The bizarre scenes of Testament, in which couples and families, dressed only in their undergarments, interact with and are absorbed by strange, vibrantly coloured sculptures, make you want to take a closer look. To investigate heavy burdens and how we carry them, American photographer Jennifer Thoreson created dynamic sculptures made out of materials such as wool, linen, clay, human hair, and beeswax. These materials borrow symbolic language from the Bible, and create fleshy masses that illustrate the spiritual labour of bearing weight, submission, futileness, and persistence.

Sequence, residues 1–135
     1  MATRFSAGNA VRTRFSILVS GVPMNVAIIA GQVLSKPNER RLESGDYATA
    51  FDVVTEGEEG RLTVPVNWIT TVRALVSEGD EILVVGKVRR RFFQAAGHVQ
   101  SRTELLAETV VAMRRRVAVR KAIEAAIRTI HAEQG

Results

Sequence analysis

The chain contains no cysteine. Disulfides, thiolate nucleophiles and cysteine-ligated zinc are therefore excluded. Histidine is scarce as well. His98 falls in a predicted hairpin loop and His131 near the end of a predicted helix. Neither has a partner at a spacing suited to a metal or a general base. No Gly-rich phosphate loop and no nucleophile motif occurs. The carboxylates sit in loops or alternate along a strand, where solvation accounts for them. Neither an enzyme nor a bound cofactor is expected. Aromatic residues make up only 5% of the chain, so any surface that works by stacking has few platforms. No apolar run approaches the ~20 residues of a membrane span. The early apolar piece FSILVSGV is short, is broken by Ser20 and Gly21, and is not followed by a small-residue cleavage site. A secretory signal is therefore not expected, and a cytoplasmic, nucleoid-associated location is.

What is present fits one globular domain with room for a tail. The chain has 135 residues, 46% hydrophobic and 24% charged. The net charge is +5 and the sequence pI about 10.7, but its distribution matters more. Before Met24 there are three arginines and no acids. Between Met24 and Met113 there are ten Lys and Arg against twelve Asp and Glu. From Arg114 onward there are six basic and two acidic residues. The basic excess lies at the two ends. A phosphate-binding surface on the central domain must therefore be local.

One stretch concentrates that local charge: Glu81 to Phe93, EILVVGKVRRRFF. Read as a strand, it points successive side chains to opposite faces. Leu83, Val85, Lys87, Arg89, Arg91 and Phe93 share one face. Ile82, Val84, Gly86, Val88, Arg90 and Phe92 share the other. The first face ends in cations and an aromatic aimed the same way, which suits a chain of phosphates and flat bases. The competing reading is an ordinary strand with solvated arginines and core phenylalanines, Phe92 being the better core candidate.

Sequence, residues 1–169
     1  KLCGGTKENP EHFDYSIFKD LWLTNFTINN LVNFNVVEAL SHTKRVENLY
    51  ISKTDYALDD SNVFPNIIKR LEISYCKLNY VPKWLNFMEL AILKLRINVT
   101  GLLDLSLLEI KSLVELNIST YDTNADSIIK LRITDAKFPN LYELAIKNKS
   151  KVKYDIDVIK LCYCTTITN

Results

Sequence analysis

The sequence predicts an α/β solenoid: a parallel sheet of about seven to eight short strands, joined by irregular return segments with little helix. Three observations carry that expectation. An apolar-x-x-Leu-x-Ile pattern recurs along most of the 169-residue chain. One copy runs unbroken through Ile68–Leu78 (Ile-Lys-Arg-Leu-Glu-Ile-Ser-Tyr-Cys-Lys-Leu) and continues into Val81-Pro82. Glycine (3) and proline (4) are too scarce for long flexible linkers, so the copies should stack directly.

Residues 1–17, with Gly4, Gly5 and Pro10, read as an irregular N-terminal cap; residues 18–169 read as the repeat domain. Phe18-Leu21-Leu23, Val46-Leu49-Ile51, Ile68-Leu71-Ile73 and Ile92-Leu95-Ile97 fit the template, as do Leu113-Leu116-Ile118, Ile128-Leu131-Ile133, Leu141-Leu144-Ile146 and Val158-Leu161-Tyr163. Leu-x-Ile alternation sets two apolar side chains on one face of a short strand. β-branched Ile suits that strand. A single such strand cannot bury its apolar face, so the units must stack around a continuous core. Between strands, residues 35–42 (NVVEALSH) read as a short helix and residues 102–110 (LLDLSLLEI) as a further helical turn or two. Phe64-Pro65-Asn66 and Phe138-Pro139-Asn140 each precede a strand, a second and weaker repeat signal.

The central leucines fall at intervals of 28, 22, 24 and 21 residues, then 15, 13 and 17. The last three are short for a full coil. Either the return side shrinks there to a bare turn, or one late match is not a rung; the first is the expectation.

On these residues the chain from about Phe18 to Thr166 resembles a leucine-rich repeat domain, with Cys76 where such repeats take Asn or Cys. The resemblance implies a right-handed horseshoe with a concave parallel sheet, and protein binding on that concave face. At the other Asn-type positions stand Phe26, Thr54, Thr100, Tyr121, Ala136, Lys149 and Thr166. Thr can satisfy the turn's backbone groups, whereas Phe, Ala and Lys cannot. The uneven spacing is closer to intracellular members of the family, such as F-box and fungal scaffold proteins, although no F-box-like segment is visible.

To create these meticulously staged photographs, Thoreson rented an empty house for a year, and transformed it into a working space. By styling each room with sentimental textiles, trinkets, and colours that remind her of her childhood home, she explores her own childhood, love and the intricacy of relationships. To her, the house is like a gateway; a silent space where people, in their delicate moments of raw humanness, can let go of their burdens and start anew.